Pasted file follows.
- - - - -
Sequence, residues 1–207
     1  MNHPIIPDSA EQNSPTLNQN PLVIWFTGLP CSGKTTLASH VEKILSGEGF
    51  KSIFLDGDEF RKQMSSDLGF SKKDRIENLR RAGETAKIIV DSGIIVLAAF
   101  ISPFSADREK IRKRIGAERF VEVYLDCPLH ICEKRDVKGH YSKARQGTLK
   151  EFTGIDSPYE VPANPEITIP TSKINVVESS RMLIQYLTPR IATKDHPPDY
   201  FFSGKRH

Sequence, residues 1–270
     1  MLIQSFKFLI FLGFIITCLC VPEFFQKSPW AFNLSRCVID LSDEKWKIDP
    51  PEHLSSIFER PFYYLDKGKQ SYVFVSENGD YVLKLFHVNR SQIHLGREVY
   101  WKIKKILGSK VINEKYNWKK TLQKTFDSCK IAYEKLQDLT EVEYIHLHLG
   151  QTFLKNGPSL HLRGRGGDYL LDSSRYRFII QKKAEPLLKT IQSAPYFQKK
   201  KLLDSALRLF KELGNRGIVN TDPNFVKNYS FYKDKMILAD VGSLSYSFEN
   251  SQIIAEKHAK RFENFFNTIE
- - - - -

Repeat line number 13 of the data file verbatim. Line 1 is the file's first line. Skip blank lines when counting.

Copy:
   251  SQIIAEKHAK RFENFFNTIE